Sandra Shevey visited some Austrian markets. The Naschmarkt in Vienna was of course on top of her list. So, what does she have to say about it?
“Of Vienna`s 26 permanent markets, Naschmarkt is the oldest with a charter dating back to the 17thc. It probably however was going long before that as an unincorporated market.
Meaning `wares` or `spices` Naschmarkt was repatriated to Wienzeile over the Wien River in 1917 when the Vienna River was covered over and city planners had decided to demolish the old city walls and redevelop Vienna`s `Ring`. The original market site now hosts Vienna`s fine Opera House. Naschmarkt spans 1.5 kilometres.
The old quarter still has a link with the ancient markets as old street names prevail such as meat market, fish market, honey market, bread market, milk market, cheese market and others. It is on Meat Market that `Some Like It Hot` director Billy Wilder lived as a boy when attending grade school in Vienna.
The Naschmarkt was rebuilt within city walks just before the market was moved to Karlsplatz (its present site) in 1917….moved along with the old market building which still serves as its primary administrative centre. Architecturally it is impressive- a rotunda market building with a majolica frontpiece symbolising fecundity- cherubs, grapes and vines.
Built along a perpendicular the Naschmarket is a series of avenues or boulevards bisected by cross streets. Rambling outbuildings boast original wooden infrastructure of display units, storage and frontage, which threaten soon to disappear as market authoriies mandate a re-fit to comply with health and safety standards.
Whereas in the past most of the produce was grown and sold by local farmers, in recent years there`s been an influx of ethnicity and a wide range of goods. Turkish and Asian traders import quality produce from Indonesia, Greece, Turkey, Iran and elsewhere. Ethnics also enrich the stalls at the Saturday fleat market (also part of the Naschmarkt) with their colourful, native artefacts.
The increasing numbers of Asians and Turks have re-invented the market as something of a foodie centre. They have also upped its diminished status. Their presence is not so much a consequence of direct immigration as indirect. Many traders arrive in Austria via other EU countries.
All produce adheres to Austrian standards and is well-marked. If it is local and home-grown, it is marked `INL` (inland and home-grown). Local produce includes: radishes, parsley, lettuce, green salad, gourds (Styrian), grapes, etc.
The variety of produce is exceptional. Mushrooms hail not only from the immediate locality but nearby Styria and as far as China. There are also wild mushrooms.
Serving 1.6 million Viennese the Naschmarkt boasts 200-300 stalls and is open Monday-Saturday 6:30am – 7pm.
Smells of spices follow you everywhere- paprika, basil and coriander. Oooooooh!!
Vienna`s most renowned gourmet chef `Kim` has a shop at the market and so too does Gegenbauer: one of the few if not the last Vienna shop dispensing hand-selected, peeled and carefully pressed vinegars. This shop is quite a revelation and I urge you to stop by when you`re visiting Vienna. There are over 70 vinegars to choose from – to drink and/or to sprinkle on cheese or salads. Some vinegars are in wooden casks. Others are in lovely glass bottles. Some are digestives. Others are exotic- fresh-harvested asparagus from Sulzmann Marcheld; raspberry vinegar; golden delicious vinegar (with pumpkin seed oil); and Bouvier wine vinegar, to name but a few.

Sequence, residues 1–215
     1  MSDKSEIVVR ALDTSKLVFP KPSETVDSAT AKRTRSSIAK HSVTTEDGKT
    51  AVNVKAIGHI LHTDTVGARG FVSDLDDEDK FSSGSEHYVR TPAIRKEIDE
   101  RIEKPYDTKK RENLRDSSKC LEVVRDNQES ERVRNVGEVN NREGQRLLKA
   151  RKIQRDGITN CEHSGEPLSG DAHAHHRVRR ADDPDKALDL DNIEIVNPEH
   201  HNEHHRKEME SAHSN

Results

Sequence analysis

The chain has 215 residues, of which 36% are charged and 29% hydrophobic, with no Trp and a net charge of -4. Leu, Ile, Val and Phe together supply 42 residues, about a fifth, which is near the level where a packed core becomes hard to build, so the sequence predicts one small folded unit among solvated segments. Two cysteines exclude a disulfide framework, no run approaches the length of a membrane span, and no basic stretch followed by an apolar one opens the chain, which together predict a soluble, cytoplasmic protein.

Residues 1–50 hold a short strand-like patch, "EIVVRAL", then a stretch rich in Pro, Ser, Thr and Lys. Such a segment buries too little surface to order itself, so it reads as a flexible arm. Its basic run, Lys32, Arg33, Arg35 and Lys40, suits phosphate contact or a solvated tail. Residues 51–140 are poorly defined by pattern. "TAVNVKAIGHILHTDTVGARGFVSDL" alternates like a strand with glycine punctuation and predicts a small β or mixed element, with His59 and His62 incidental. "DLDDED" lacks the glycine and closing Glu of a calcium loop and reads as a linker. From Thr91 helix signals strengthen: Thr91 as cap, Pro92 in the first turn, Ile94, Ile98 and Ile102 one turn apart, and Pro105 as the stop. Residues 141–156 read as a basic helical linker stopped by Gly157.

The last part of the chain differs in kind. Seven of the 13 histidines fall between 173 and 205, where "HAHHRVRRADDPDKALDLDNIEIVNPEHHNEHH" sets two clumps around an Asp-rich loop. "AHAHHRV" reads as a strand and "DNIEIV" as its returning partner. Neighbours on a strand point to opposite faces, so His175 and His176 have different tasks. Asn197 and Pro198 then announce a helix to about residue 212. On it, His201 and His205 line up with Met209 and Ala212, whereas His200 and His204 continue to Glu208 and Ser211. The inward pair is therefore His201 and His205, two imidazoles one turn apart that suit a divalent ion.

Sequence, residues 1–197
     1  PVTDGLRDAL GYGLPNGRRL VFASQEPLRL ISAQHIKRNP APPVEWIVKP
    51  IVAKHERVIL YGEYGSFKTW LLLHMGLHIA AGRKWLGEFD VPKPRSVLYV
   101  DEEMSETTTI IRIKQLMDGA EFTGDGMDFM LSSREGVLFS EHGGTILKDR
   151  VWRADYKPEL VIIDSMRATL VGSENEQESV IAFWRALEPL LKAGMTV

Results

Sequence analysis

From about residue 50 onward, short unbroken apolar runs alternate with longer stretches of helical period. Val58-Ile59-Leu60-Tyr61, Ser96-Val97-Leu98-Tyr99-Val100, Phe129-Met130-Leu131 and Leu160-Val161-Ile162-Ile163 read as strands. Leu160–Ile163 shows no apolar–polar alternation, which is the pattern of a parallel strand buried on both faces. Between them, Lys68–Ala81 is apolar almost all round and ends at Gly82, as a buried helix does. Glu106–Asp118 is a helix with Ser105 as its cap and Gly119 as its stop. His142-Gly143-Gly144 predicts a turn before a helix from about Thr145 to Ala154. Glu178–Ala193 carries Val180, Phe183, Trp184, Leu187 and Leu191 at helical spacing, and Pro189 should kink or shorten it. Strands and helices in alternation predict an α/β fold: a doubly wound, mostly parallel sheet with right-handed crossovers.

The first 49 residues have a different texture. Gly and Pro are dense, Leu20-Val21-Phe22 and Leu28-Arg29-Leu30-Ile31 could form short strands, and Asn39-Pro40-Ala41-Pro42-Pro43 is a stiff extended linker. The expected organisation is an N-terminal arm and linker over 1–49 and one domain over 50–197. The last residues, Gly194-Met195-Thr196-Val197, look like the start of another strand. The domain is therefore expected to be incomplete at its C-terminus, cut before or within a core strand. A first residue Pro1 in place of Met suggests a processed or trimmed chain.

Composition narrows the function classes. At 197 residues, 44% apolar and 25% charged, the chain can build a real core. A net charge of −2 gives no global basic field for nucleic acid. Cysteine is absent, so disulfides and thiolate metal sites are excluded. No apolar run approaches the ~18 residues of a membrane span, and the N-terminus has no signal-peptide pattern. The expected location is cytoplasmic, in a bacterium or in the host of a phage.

So much noshing makes you hungry and I made for the market`s oldest pub (c1916) . It`s become a bit, noisy, crowded and showy but it`s still fun as you sit cheek by jowl with people you don`t know but get to know pretty well by closing time.
I got stuck at a table with newspapers strewn about and a man who couldn`t possibly read them in the dimly-lit pub. But, hey, he wouldn`t move. Four seats to himself, and he barely vacated one. I practically had to eat the meal on my lap. What to think? A crazy sense of humour, eh!
I plumped for the goulash (when in Rome) which tasted more like curry (but not to worry). I was discouraged from ruining the purity of taste by ordering noodles or potatoes and so I tucked into bread instead. A Styrian beer (Muraurer) completed the meal.
And then it was off to the Cafe Sperl c1880.on Gumpendorfer StraBe where I met up with friends and consumed some of the best apple strudel in the world. Now, I have been eating apple studel since the Sixties when I used to go to the Old Heidelberg, an Austrian tearoom in New York City near Columbia University. I currently make for the Bagel Shop in London on Brick Lane which does a passingly good apple strudel. But this Viennese strudel was exceptional.
Sitting in the cafe raised thoughts of Billy Wilder whom I once met whilst interviewing Walter Matthau. Billy raged against life in pre-war Vienna when he was impoverished. He said, `We were so poor we used to sneak into cafes and eat the scraps of bread, potatoes and eggs left by the customers`.
Was it the Cafe Sperl to which he referred? Somehow I could see him there. It gave me a weird kind of deja vu. Was it a ghost? I left a piece over just in case.
Copyright 2010 Sandra Shevey All Rights Reserved
Sandra Shevey runs tours around local markets worldwide. http://sandrashevey.tripod.com
Hospitality courtesy of the Austrian National Tourist Office, www.austria.info
Tags: Cities, Cuisine, Food & Wine